Linda, like many adults with Williams Syndrome struggled and still struggles with numbers. Yes she can count but does she understand what those numbers mean.
Any reading of a list of symptoms for Williams Syndome include poor numeracy skills but what does this mean for real people?
If she works really hard Linda can tell you that 55 is more than 23 but it’s tough, and in honesty, I’m not sure it’s not down to luck. I think she really struggles when comparing numbers. So what do numbers mean to her?
Today I had my first real evidence that Linda can add-up.
When Linda came to live with us over a year ago now, we asked if there were any activities she’s like to learn. I was bowled over when she confessed “I’d like to get better at sums”.
For a year now she’s been participating in an adult basic numeracy class and seems to be enjoying it very much.
Occasionally she will bring home a page with her “sums” duely completed. All written in pencil, lots of corrections and all eventually correct answers but I really don’t know the process of getting to perfection… how much did Linda do on her own, how much help did she have?
But, in spite of my doubts I see her happy and know at least that she can count her pocket money much more confidently than she did a year ago.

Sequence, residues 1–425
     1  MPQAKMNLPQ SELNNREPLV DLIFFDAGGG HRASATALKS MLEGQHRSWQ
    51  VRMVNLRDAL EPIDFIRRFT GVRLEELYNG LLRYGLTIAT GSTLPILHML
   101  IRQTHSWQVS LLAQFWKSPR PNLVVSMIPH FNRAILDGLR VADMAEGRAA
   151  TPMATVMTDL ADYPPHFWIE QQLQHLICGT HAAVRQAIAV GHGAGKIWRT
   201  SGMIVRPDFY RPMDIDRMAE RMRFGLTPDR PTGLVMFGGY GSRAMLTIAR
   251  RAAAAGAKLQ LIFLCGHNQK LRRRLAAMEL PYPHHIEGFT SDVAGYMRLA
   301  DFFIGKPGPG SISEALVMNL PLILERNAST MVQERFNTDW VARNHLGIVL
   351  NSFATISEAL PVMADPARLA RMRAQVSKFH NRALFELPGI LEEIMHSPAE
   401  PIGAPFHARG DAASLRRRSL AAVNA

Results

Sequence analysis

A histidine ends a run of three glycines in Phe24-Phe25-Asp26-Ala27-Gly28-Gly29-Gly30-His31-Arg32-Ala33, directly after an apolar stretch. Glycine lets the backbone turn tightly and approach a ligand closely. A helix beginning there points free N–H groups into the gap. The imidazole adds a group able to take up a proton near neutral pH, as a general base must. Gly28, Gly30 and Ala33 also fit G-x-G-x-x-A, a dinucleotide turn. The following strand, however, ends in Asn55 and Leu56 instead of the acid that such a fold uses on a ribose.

Today we were preparing to invite friends for dinner and I asked Linda to prepare the table… “How many for?” she asked. “Well, there’s you, me and Beth” I said, “How many is that?” “That’s three” came the reply.
“And then there’s Rick, Jane and Emma. How many’s that?”. “That’s three” she replied. “Great, Lin, so how many is three and three?”.
She put her head on one side, screwed up her eyes, twitched her little nose and thought very hard… “Mmmm. Three and three. Mmmm. I think that’s six!” she exclaimed. She was about to turn and head into the dining room on a mission to set six place settings… I just had to draw her back squeal with delight and give her a hug!
Three and three makes six – and Linda knows that too.
She’d make any Mom proud!